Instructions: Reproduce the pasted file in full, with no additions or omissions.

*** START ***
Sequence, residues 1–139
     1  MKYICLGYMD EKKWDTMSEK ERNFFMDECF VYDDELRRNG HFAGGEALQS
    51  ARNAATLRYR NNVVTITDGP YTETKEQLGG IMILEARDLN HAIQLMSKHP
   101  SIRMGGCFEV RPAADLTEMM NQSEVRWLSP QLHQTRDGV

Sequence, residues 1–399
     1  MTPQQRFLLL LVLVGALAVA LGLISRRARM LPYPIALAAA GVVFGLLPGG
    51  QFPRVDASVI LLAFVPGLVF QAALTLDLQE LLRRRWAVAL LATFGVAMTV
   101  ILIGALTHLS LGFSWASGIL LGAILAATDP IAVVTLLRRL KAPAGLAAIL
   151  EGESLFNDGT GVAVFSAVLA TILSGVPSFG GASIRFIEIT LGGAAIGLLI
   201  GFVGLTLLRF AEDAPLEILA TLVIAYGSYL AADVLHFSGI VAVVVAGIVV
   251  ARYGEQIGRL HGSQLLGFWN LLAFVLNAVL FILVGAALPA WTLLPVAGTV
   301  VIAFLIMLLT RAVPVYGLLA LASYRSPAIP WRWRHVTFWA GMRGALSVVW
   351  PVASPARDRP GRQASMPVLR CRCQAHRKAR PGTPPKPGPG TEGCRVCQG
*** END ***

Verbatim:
Sequence, residues 1–139
     1  MKYICLGYMD EKKWDTMSEK ERNFFMDECF VYDDELRRNG HFAGGEALQS
    51  ARNAATLRYR NNVVTITDGP YTETKEQLGG IMILEARDLN HAIQLMSKHP
   101  SIRMGGCFEV RPAADLTEMM NQSEVRWLSP QLHQTRDGV

Sequence, residues 1–399
     1  MTPQQRFLLL LVLVGALAVA LGLISRRARM LPYPIALAAA GVVFGLLPGG
    51  QFPRVDASVI LLAFVPGLVF QAALTLDLQE LLRRRWAVAL LATFGVAMTV
   101  ILIGALTHLS LGFSWASGIL LGAILAATDP IAVVTLLRRL KAPAGLAAIL
   151  EGESLFNDGT GVAVFSAVLA TILSGVPSFG GASIRFIEIT LGGAAIGLLI
   201  GFVGLTLLRF AEDAPLEILA TLVIAYGSYL AADVLHFSGI VAVVVAGIVV
   251  ARYGEQIGRL HGSQLLGFWN LLAFVLNAVL FILVGAALPA WTLLPVAGTV
   301  VIAFLIMLLT RAVPVYGLLA LASYRSPAIP WRWRHVTFWA GMRGALSVVW
   351  PVASPARDRP GRQASMPVLR CRCQAHRKAR PGTPPKPGPG TEGCRVCQG